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Feeling the vibe in Vietnam

By Monday 22 April 2024No Comments

Sales of Australian wine in Vietnam reached $11.5 million last year – double what they were two years ago. And the future looks good for Aussie winemakers.

The Australian Ambassador to Vietnam, Andrew Goledzinowski, says bilateral relations between the two countries have been “substantially upgraded and were now elevated to the highest levels”.

“The upgraded relationships provide Australian wine exporters with additional opportunities to build on the reputation Vietnamese people have for Australian goods, for their quality and trust,” he said at a gala dinner hosted in Hanoi for South Australia Wine Connect 2024.

According to Inkwood Research, the Vietnam wine market was valued at US$347.10 million in 2022 and is expected to reach US$692.27 million by 2030.

Volume is expected to reach 24.15 million litres by 2030.

Nguyen Ba Hai, the Vice Director of Investment Promotion, Center for Industry and Trade, Vietnam Trade Promotion Agency, says demand for Australian wine in Vietnam is growing in line with higher levels of discretionary incomes.

“Vietnam is proving to be one of the world’s fastest-growing countries,” he says.

“Total retail sales of goods and services in 2022 increased by nearly 20 percent compared to the same period last year, reaching approximately US$239 billion.”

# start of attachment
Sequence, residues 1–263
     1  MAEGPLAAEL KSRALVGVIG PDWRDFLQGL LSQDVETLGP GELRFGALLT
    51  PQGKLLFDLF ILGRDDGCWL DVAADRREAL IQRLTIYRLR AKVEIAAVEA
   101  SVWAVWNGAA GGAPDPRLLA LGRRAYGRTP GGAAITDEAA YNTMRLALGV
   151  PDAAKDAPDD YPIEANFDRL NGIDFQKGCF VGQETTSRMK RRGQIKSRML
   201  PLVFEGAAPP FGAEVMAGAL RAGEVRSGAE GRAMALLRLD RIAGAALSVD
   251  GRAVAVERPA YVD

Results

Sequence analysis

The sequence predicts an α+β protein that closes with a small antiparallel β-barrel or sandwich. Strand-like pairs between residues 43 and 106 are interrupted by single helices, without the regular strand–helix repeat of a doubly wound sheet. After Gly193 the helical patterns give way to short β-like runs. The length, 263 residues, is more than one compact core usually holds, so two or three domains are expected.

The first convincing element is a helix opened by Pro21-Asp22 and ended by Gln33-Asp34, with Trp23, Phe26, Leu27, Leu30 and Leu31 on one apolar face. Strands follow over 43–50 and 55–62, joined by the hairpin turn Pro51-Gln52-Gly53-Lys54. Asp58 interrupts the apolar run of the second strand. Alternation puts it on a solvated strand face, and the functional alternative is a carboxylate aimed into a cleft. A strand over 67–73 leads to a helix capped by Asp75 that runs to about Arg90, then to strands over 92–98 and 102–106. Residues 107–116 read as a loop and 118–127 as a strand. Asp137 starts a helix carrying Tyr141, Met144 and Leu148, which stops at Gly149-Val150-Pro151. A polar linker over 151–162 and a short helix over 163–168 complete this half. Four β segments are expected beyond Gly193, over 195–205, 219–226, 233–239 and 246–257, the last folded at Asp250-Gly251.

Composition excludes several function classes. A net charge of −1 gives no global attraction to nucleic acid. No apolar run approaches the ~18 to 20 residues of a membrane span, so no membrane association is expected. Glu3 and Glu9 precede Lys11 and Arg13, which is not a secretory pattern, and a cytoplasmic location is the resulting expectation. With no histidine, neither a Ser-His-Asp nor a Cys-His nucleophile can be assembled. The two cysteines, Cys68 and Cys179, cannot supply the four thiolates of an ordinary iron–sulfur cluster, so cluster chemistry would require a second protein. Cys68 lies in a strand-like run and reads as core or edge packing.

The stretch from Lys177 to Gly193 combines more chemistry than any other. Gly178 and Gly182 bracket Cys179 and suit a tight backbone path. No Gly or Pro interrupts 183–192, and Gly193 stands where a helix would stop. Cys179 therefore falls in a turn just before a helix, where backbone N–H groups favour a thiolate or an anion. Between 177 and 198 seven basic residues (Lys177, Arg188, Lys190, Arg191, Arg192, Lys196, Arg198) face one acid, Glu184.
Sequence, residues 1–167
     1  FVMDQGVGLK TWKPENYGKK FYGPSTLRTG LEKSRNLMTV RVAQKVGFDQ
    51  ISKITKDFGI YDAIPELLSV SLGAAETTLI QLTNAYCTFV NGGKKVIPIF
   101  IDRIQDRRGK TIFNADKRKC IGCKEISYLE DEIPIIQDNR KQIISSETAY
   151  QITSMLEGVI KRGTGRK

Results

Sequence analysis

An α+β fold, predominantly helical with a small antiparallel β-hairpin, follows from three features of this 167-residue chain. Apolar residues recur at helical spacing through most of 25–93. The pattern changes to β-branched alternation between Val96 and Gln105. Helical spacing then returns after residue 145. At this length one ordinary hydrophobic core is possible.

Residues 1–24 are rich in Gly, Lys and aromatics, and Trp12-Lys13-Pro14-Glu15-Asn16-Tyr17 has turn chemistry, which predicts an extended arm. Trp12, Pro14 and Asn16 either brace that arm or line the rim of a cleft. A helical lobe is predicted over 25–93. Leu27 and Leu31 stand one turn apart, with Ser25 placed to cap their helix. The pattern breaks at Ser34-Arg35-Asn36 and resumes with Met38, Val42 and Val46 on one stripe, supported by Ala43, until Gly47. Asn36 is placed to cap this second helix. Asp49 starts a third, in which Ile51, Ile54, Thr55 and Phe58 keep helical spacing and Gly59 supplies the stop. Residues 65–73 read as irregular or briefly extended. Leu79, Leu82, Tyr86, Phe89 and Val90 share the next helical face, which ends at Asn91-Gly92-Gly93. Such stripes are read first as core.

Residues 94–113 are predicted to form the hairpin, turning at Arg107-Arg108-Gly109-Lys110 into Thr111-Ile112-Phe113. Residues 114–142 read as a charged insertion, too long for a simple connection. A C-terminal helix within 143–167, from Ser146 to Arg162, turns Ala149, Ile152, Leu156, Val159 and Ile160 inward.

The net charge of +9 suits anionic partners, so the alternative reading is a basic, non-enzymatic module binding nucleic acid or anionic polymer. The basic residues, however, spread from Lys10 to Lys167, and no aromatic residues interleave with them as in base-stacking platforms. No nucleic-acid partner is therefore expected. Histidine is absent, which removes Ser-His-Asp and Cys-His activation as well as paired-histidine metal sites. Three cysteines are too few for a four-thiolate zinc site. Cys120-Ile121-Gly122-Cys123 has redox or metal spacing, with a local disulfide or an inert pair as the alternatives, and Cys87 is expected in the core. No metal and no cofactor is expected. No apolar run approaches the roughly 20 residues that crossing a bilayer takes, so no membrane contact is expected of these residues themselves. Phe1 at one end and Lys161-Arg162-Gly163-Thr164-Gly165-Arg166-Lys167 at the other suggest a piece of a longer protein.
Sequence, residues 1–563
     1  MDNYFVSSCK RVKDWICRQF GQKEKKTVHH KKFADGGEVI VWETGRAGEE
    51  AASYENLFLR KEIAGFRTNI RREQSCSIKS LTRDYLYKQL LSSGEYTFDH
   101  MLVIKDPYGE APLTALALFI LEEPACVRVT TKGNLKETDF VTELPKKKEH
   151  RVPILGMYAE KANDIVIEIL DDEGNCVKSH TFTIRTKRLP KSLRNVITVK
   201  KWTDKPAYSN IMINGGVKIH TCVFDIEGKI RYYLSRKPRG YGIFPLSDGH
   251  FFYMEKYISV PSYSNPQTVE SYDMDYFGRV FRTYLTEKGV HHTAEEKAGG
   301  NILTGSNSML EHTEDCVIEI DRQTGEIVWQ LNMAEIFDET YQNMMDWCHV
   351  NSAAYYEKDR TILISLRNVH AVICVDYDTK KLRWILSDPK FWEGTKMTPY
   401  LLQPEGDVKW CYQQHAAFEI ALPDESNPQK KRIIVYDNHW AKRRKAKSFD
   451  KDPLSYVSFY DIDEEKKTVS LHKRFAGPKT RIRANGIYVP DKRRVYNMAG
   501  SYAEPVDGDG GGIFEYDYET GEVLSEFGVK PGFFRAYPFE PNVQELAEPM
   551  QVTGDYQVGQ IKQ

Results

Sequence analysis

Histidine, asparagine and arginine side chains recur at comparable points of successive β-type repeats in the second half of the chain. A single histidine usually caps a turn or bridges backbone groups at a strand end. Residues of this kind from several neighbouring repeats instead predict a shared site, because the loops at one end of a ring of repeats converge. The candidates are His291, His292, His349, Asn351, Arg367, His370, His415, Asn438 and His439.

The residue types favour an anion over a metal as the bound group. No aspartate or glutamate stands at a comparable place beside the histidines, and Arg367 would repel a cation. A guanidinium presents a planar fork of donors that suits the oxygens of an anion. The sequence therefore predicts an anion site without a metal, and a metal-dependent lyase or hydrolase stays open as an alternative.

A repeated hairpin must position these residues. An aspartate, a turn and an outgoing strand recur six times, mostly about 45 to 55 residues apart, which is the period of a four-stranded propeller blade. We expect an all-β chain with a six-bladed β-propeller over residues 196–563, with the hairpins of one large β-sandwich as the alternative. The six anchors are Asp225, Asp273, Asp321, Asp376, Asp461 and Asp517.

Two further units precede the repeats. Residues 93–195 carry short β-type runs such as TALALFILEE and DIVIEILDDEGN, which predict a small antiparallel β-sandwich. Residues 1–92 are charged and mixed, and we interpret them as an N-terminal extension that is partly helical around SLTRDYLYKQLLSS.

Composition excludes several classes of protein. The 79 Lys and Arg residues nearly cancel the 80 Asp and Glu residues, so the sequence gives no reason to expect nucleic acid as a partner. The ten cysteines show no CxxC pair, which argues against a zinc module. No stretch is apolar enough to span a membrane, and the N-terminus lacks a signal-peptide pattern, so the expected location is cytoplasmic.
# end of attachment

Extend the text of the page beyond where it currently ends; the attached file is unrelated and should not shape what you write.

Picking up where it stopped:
The program for SA Wine Connect 2024, hosted in Ho Chi Minh City and Hanoi, included networking and buyer visit initiatives as well as masterclasses that were oversubscribed.

David Dean, president of the Australian-Vietnamese Chamber of Commerce (SA) – AVCC – said, “We had close to 70 wholesalers and retailers at each of the masterclasses in Ho Chi Minh City and nearly 300 at the tastings with similar numbers in Hanoi” he said.

Participating wineries included Turkey Flat, First Drop, Sorby Adams, Ottelia Innes, HighBank, Armstrong, Metala Wines, Paracombe, Mitolo, Betty’s Choice and Maison Blue.

Winemaker John Innes from Ottelia said the program was educational and geared to the right demographic. “Which is the sophisticated 25 years group and upwards,” he says.

“The initiative was well supported by wholesalers and retailers. However, we go forward cautiously, and we don’t expect the orders to come immediately.”

Anna Nguyen from Must See in Vietnam said, “These wine educational programs are invaluable for the 25-40 years group who are becoming more sophisticated and seeking more of the finer things in life like good wine.”

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